GENERATIONS of under-investment and neglect have left York at greater threat from floods, city leaders have been told.
The impact of large developments on York’s drainage network has often been ignored and funding cuts to gully-cleaning have heightened the risk, a new study has revealed.
The authority’s drains are unable to cope with even minor floods and it will cost £5 million to bring them up to standard, City of York Council’s cabinet was told last night.
Officials have warned councillors that unless action is taken, “unpredictable and unbudgeted costs” will continue and the council could face compensation claims.
The Surface Water Management Plan discussed at the cabinet meeting said:
• There are no records of where much of York’s flood infrastructure is based, meaning its condition is unknown.
• Most landowners do not recognise the system’s importance or their maintenance duties
• Lack of funding for gully-cleaning means most work is “reactive” and not carried out in areas that suffer flooding
• Maintenance of other flood infrastructure is “poor or non-existent”
• Repairs to drains and attempts to solve flooding problems have “often been badly-executed and ill-thought-out”, having no effect or making the situation worse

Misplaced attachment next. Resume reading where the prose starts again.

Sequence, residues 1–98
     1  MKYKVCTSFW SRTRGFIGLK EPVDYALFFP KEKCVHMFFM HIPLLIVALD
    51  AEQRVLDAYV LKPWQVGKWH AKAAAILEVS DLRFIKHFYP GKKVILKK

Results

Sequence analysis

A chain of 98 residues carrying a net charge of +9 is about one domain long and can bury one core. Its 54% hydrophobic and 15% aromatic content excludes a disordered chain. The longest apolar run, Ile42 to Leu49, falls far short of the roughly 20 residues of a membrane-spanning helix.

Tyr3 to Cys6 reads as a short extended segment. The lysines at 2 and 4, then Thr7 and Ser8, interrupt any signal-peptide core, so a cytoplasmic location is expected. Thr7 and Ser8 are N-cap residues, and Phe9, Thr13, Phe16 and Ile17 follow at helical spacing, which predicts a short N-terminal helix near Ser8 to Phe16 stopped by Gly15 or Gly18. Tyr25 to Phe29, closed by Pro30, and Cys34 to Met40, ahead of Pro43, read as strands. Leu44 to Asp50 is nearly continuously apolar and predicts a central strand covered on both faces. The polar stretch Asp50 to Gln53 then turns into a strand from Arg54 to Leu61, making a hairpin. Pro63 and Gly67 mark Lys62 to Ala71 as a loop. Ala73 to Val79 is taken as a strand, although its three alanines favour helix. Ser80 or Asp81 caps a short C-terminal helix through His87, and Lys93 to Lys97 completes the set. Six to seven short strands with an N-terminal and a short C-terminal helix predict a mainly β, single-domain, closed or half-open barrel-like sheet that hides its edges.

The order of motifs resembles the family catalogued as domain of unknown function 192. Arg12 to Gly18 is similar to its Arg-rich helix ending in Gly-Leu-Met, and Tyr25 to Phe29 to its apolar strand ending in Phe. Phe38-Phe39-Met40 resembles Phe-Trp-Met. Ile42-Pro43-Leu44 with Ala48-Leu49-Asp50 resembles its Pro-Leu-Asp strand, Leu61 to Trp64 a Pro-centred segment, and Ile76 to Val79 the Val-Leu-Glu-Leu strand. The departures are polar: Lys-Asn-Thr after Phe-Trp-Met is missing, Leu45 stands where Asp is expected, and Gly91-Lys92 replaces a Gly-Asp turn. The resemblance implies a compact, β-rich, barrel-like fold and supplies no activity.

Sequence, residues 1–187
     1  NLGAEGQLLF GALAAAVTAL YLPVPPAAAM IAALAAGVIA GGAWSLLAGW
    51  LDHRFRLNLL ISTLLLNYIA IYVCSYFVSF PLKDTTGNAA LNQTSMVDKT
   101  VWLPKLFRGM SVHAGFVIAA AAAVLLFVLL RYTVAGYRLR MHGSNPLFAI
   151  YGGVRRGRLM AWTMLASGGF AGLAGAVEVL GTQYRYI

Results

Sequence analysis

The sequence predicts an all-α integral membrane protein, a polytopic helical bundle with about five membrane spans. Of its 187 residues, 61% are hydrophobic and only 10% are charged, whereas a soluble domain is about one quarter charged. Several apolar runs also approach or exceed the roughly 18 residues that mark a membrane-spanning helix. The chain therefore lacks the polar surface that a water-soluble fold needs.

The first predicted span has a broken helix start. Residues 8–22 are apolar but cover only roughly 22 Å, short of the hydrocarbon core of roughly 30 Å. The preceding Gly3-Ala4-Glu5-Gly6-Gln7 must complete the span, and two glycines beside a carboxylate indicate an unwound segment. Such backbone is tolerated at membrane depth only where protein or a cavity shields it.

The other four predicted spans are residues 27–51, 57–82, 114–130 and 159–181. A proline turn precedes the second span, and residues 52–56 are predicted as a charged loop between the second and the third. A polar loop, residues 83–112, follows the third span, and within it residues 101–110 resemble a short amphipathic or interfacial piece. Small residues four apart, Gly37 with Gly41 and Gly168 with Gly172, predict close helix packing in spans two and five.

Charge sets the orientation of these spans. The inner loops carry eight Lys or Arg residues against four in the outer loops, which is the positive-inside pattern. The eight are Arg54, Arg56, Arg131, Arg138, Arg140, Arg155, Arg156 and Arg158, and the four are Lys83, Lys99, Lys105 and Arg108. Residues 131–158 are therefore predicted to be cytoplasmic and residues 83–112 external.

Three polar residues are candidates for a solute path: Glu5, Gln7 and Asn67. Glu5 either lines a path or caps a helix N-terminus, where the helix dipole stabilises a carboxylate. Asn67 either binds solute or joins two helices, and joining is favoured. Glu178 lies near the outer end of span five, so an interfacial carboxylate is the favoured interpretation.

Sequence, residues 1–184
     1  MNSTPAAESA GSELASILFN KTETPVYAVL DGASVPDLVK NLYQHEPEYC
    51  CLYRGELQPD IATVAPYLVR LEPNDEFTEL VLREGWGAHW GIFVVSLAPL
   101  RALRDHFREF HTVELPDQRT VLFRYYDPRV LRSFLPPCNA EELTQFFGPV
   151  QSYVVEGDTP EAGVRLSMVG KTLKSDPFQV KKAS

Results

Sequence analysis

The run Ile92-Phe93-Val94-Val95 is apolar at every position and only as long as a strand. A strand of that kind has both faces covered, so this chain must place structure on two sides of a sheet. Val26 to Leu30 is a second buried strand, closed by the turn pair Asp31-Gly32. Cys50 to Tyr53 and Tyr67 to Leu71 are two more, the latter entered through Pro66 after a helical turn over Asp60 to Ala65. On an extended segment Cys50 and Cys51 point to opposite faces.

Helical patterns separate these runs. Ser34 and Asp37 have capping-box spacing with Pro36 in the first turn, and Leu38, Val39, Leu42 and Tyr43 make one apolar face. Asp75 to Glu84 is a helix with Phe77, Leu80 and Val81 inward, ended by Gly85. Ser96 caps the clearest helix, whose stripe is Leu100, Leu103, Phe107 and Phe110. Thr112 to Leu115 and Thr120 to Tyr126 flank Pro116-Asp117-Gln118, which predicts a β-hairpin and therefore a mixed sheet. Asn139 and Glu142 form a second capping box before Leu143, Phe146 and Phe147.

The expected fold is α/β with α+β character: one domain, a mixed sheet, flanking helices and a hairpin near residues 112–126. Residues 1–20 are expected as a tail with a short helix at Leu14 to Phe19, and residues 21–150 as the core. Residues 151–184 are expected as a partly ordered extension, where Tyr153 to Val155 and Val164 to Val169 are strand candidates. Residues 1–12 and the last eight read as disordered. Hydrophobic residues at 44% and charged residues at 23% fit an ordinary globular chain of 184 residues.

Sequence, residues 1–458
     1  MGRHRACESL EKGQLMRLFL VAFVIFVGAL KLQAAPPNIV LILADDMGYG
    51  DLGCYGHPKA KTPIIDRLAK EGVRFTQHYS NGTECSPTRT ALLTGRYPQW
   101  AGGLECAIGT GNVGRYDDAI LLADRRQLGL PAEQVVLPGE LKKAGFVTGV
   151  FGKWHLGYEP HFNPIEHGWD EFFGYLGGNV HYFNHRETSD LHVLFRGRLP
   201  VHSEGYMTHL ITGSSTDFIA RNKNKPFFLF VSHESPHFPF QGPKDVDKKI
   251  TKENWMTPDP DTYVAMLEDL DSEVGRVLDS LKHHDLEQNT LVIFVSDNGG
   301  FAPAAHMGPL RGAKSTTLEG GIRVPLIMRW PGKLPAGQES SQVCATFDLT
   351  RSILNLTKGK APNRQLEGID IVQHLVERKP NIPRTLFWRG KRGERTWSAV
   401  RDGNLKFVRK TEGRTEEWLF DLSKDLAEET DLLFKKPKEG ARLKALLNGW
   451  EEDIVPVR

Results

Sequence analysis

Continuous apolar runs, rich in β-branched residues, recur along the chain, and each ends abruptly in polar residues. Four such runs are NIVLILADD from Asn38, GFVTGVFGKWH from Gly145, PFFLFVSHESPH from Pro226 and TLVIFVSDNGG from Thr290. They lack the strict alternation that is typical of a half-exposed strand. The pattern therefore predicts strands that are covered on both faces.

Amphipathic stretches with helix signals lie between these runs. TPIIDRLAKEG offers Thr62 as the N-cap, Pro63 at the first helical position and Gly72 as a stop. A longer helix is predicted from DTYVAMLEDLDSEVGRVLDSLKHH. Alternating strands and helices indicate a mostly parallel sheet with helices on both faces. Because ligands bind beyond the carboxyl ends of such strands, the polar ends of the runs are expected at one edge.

• Pipes, culverts and ditches are regularly blocked with silt and roots and often damaged by utility companies
• Changes to roads, such as widening schemes and the creation of cycle routes, do not take into account the effect on drains.
The study found “numerous locations where development has aggravated flood risk” and said more roads, shopping centres, car parks, bus and cycle lanes and larger houses had reduced the areas where surface water can go.
The cabinet agreed several recommendations last night, including a commitment to fund investigations into unrecorded drains and to carry out repairs where necessary, scheduling maintenance schemes in advance rather than on a reactive basis, and asking utility firms to remove equipment which has damaged the system.
Michael Tavener, the council’s flood risk manager, said in a written report that implementing the plan would not prevent flooding but would ensure existing infrastructure was as effective as possible. He said the alternative was “continuing dilapidation”.
Council leader James Alexander said York already had “robust response procedures” for river flooding and said: “We’ve taken a significant step forward in getting a plan of action in place to channel much-needed investment into drainage systems to support the management of surface water flood risks across the city.”
Fulford councillor Keith Aspden, a leading critic of the 700-home Germany Beck scheme – earmarked for a flood plain – said the plan was “a stark warning that existing drainage infrastructure in York is essentially ineffective against flood risk”.
He said: “It outlines the damaging impact new housing development and road changes can have, and any new development – including Germany Beck – needs to take account of this.”
Andrew Bowes, managing director of Persimmon Homes Yorkshire, one of the firms behind Germany Beck, said flood prevention plans for the scheme reflected the council’s report.
He said: “Once implemented, the on-site flood works will manage all run-off within the site from both the development and the area of the A19 at the site access.”
Mr Tavener said the Germany Beck plans approved in 2007 include flooding and drainage measures and full details would be submitted to the council when work on the site is due to start.